Further research in Nutrition & Food Science saw the same result with peanut butter. Participants who ate one tablespoon of peanut butter per day had a far smaller risk of gallstones than those who didn’t.
Two Eggs Are Too Many
In 2015, research in the Journal of Health, Population, and Nutrition listed eggs as an unhealthy food for the gallbladder. Why? One yolk contains 200 mg of cholesterol, which is well known to harm the gallbladder. For perspective, the FDA recommends less than 300 mg of cholesterol per day.
While recent studies on eggs and gallstones are sparse, research from 1972 found a strong correlation in animal studies. Animals on an egg yolk diet received gallstones faster than those who weren’t. If you’re worried about cholesterol, eat egg whites instead of the yolk.
Peel More Oranges
A medium-sized orange supplies 85% of your daily recommended vitamin C, which is crucial for your gallbladder. In 2009, a German study in BMC Gastroenterology found that regularly eating vitamin C cuts your risk of gallstones in half.
In 2000, earlier research analyzed over 13,000 participants. They also learned that vitamin C protects the body against gallbladder stones. One of the authors, Dr. Joel A. Simon, encouraged eating more vitamin C-rich fruits and vegetables. So pick up some oranges during your next trip to the store!
Say “No” To Fatty Meats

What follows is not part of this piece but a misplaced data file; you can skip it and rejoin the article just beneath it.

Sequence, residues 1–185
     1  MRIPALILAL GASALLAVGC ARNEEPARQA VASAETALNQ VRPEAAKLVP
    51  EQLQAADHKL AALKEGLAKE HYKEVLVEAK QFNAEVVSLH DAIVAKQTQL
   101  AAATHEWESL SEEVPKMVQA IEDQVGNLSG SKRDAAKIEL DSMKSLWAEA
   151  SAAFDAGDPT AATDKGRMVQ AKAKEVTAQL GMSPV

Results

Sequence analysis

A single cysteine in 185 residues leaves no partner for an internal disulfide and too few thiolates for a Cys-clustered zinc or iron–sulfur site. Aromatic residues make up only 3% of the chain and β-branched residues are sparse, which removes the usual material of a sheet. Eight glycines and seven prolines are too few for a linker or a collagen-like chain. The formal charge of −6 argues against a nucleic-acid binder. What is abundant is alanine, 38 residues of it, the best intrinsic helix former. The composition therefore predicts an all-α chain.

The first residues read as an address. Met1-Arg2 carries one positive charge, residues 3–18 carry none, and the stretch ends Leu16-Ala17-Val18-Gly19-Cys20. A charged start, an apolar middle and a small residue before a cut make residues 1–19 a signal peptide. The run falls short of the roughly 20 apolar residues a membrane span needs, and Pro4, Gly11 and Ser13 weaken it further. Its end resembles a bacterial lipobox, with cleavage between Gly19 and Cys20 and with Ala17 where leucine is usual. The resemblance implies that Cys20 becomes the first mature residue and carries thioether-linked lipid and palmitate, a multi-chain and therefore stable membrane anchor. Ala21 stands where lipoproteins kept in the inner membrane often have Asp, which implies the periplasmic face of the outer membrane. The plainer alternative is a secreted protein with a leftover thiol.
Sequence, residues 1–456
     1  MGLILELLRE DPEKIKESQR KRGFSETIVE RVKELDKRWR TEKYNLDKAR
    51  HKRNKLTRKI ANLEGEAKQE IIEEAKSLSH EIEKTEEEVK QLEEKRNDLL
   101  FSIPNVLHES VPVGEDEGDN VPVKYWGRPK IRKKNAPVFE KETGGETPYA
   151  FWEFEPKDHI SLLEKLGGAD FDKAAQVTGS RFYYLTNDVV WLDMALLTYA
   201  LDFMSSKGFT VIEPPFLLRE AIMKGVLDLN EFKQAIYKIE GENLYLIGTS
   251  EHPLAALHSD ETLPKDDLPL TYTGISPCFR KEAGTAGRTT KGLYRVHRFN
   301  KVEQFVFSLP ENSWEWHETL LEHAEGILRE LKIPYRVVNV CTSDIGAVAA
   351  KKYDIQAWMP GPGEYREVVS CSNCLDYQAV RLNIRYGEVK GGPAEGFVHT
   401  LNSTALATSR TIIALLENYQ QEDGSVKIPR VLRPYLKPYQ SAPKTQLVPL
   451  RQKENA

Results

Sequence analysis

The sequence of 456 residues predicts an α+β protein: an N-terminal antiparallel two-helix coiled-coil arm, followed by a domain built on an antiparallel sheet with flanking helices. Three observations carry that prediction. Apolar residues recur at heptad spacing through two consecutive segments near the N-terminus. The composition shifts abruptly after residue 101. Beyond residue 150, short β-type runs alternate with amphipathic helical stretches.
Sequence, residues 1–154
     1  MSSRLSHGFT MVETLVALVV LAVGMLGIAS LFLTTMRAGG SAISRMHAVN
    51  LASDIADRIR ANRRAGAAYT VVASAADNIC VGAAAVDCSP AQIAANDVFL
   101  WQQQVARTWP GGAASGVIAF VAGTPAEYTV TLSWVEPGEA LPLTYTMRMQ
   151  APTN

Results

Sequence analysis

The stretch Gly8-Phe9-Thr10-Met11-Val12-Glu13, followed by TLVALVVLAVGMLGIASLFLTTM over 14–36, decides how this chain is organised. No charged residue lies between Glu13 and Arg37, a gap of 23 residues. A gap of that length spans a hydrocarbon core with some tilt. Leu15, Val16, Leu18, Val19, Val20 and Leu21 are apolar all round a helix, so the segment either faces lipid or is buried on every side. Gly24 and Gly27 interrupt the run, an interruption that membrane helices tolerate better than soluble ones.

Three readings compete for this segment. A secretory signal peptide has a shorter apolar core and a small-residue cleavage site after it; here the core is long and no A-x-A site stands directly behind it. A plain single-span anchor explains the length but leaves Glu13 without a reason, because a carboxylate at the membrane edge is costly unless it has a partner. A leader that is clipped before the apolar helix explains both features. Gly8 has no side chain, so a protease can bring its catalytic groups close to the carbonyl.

Those who have gallbladder complications or infections need to avoid foods with high fat. Since the gallbladder converts fats into bile, eating extra fat places a lot of strain on the organ. Unhealthy gallbladder meat includes sausages, beef burgers, processed meat, and corned beef, according to the Norfolk and Norwich University Hospitals.
Cleveland Clinic reports that you shouldn’t eat over 60 grams of fat per day. To keep your meals gallbladder-happy, remove the visible fat from beef and the skin from chicken before cooking.
Drizzle More Olive Oil
In 2019, researchers reported that a moderate olive oil intake–just two tablespoons per day–lowers a person’s chance of gallstones. Olive oil contains a natural substance called lecithin, which prevents cholesterol from solidifying in the gallbladder. In short, olive oil stops the stones from forming.
The healthy fats in olive oil could help, too. In 2004, research in the Annals of Internal Medicine mentioned that unsaturated fats reduce the risk of gallstones by 18%. Olive oil supplies monounsaturated and polyunsaturated fats, which may help your gallbladder over time.
Rejoice With Radishes
The gallbladder stores bile, a fluid that helps the body digest fats. In terms of gallbladder health, any food that aids bile will support the organ. According to the Journal of Complementary and Integrative Medicine, radishes help this organ release its bile. The result is better digestion and gallbladder health.
Registered nurse Jordan Knowlton adds that radishes contain many vitamins vital to gallbladder health. These include vitamins C, A, E, and B6, all of which may dissolve gallstones. You can’t go wrong eating more of this vegetable!